We offer our customers free editions of public domain titles in the Kindle Store. In order to provide an optimal customer experience, it’s our policy to only offer differentiated versions of these freely available books…
We consider works to be differentiated when one or more of the following criteria are met:
• (Translated) – A unique translation
• (Annotated) – Contains annotations (unique, hand-crafted additional content including study guides, literary critiques, detailed biographies, or detailed historical context)
• (Illustrated) – Includes 10 or more unique illustrations relevant to the book
….While it’s possible that other features may make books unique, we only consider the criteria noted above to be differentiated. Examples of some features we do not consider to be differentiated include a linked table of contents, formatting improvements, collections, sales rank, price, and freely available Internet content. Please note it is considered misleading to customers to have your title claim differentiation when your book is not sufficiently differentiated.
3. I wrote to both ACX and KDP multiple times asking for a 4th way to differentiate a text — as the companion to the audiobook.
Neither organization offered any accommodation. I also suggested that ACX allow the first publisher to claim the free Kindle version. That suggestion wasn’t adopted, either.
4. I found and bought 10 (count ’em, 10!) lovely vintage images from iStockPhoto to illustrate my ebook.
It took some thought and time to find appropriate images that could be inserted throughout the book and in places where they logically should appear. Simply putting 10 images in one place would not differentiate the book. Also, you don’t want them all at the front because that’s all a prospective buyer would get in the preview. I didn’t mind buying the images as I will re-purpose these illustrations to create a video to promote the audiobook.
5. I uploaded my ILLUSTRATED Kindle edition to KDP and was thrilled when it was accepted for publication!
I had to note the manner of differentiation from the free text in both the title and the first line of the description.
My ebook is now available for sale in the Kindle store. Yay!
6. I logged in to my ACX publisher account and claimed my edition, which was still flagged on ACX as being a known public domain book.
I clicked the link to claim the book and wrote the message explaining that I had created a different Kindle version.
If I had bought the audio rights to a contemporary book, I believe I would start with this step on ACX. All of the steps before now to create and publish a Kindle version were required only because I published from a public domain text.
7. WAIT for the email from ACX stating that your edition has been added to ACX.
This step is very important! I didn’t do this step and claimed my book as soon as I saw it on ACX. If I had waited, I would have known about the next step and saved myself some aggravation and a few days’ delay.
8. Fill out the title profile. Be sure to check the box for a NON-EXCLUSIVE distribution contract because the text is still in the public domain.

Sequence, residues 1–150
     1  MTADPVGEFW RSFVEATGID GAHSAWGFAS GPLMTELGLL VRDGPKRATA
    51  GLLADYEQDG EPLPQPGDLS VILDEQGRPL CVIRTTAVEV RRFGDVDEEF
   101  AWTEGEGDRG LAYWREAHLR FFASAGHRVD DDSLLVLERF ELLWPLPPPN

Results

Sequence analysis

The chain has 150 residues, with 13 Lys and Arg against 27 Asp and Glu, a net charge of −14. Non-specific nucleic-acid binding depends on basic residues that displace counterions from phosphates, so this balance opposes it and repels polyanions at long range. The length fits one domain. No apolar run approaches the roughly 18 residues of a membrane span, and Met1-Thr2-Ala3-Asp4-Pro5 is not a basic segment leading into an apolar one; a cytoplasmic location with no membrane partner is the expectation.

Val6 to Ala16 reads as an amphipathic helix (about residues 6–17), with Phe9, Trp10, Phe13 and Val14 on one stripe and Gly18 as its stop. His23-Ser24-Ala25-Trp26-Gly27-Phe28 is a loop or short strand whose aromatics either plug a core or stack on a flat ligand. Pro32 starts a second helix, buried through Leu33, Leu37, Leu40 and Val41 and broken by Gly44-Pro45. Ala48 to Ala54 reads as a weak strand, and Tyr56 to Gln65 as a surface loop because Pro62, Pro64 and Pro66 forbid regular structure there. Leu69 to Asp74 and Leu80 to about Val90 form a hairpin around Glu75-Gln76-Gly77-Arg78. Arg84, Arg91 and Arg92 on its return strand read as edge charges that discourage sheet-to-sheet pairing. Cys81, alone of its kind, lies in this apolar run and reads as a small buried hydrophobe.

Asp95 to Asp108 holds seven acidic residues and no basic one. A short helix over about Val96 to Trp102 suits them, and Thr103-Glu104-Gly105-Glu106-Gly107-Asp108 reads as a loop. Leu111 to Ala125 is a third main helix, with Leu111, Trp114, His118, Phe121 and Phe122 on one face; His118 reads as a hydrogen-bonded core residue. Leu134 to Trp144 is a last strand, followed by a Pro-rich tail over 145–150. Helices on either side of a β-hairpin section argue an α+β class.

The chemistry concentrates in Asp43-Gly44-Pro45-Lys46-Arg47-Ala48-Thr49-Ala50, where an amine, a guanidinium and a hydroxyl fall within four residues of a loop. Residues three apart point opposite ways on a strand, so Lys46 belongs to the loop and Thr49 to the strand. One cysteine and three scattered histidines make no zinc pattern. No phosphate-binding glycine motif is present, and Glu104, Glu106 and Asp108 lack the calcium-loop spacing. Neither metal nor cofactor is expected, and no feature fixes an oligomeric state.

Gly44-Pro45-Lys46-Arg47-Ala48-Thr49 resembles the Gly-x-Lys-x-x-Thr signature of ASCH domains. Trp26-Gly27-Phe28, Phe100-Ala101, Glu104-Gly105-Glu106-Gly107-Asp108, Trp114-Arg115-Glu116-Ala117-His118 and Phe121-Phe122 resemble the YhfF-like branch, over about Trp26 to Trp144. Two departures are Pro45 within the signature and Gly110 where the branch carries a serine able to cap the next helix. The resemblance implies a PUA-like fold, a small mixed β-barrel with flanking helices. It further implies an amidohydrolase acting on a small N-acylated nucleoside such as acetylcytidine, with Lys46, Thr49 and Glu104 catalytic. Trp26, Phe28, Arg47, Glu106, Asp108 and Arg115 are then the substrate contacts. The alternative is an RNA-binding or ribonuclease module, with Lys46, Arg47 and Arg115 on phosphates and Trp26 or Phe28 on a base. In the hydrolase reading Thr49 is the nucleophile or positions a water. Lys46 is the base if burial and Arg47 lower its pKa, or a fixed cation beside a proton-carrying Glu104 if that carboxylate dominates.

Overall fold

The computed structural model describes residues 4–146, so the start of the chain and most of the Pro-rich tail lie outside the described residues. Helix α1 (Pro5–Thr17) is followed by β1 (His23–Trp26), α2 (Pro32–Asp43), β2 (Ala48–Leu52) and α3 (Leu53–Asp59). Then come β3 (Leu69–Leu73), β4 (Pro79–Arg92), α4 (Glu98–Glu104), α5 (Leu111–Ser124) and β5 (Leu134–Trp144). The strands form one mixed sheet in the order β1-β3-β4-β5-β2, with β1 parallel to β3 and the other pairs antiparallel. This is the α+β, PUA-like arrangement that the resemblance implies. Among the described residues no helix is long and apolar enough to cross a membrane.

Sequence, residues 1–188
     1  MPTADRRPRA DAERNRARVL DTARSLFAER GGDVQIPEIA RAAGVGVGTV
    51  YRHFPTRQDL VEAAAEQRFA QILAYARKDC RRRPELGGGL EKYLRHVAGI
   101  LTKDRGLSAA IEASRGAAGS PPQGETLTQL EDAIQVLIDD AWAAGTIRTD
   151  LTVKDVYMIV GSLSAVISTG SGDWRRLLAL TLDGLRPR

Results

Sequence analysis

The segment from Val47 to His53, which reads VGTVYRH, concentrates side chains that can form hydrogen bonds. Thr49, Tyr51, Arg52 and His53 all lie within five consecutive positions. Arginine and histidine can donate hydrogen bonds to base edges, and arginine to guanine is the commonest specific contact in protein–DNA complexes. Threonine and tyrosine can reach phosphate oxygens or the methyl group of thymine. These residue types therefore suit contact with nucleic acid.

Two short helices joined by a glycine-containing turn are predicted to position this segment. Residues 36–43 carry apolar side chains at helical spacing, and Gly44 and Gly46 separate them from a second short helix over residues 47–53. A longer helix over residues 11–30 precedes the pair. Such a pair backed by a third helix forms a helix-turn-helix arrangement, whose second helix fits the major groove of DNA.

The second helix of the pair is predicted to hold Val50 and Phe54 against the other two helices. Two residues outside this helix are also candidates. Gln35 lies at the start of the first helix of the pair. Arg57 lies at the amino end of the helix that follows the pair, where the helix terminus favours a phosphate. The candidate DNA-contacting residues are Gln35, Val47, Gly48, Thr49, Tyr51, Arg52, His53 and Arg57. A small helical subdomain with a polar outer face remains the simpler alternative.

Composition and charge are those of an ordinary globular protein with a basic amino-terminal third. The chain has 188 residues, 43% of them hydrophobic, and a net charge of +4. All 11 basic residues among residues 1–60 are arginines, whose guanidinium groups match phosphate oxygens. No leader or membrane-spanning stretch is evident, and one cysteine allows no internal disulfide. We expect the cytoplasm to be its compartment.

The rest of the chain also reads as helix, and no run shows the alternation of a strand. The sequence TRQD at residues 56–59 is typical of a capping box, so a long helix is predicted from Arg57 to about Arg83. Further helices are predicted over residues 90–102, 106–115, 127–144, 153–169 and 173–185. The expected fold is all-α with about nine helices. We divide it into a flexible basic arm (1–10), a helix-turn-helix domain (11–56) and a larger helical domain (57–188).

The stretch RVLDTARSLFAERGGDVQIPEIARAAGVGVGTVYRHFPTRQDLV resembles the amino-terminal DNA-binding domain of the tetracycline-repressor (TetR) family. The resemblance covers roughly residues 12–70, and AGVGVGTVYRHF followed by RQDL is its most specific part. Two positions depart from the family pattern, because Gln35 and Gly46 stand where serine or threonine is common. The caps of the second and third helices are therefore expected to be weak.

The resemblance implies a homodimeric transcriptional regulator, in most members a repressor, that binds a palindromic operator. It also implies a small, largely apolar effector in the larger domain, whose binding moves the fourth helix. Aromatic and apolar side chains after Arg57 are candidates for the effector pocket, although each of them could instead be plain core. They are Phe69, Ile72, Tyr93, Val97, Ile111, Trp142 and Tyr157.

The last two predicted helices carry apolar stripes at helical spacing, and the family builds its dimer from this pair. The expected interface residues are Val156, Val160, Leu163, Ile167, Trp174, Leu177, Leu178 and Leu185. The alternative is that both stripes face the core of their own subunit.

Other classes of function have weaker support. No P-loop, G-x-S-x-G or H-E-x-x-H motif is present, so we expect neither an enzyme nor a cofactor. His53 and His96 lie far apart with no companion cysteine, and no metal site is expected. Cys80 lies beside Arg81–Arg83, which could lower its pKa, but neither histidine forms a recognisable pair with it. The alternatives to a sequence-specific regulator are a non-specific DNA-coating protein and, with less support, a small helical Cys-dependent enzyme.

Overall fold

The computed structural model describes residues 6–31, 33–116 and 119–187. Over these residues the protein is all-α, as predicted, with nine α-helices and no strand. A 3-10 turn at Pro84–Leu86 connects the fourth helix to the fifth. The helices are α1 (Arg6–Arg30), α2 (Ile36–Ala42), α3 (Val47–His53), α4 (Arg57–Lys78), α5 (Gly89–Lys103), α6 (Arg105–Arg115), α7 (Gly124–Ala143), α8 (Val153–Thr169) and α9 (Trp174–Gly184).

Since I jumped the gun, I had selected an exclusive contract. I had already uploaded my audio files before I learned I needed to change the contract type. ACX had to remove my title from the system and add it back, so, of course, everything I did had to be re-done, further delaying me by several days.
You also will need to choose your territories of distribution and enter information such as the name of the narrator, name of the publisher, and print and production copyright dates.
ACX provided some additional guidelines about public domain audiobooks:
• You can’t post the title for audition or contract a narrator to create the audiobook. The audiobook must be recorded outside of ACX.
• You can upload the audiobook to ACX and use it for distribution as long as your audiobook meets the ACX Audio Submission Requirements.
9. Upload the audio files chapter by chapter in the ACX interface, and click “I’m Done” when you are satisfied.
10. REJOICE when you receive the email from ACX stating that your audiobook is now available on Audible, and start marketing it!
When I started Jewel Audiobooks, it didn’t have a web site. It still doesn’t have business cards. I imagine many of the companies profiled in the Dell ad also didn’t have those things when they started. I look forward to the same sort of exponential growth in my publishing empire as Dell has had in computers!
Now that Jewel Audiobooks is a dream come true, I’m already planning the publication of my next couple of public domain titles. I’m also planning a follow-up contact about obtaining the audio rights to the first author in my previous search because I still would love to narrate her book. I think it’s another idea whose time has come!
Bonus info about publishing contemporary books:
In August 2016, I held a webinar so narrators could learn about acquiring audio rights for books still under copyright. My guest speaker was Jessica Kaye, who has over 25 years of audiobook and publishing experience as a Grammy-award winning audiobook producer, director, and distributor. She’s also an attorney in the firm Kaye & Mills and specializes in intellectual property, publishing law, and licensing. I wrote this article to inspire and encourage other narrators to license the audio rights to favorite books. If you’re interested in this topic, you can purchase the webinar recording, complete with sample licensing agreement and an exclusive list of links, on my Shop page.
Edited 3/16/17 to improve formatting and add bonus paragraph about webinar
Edited 12/18/17 to add link to comment with other publishing options
Edited 2/6/18 to expand info and add links under item 2 and line about due diligence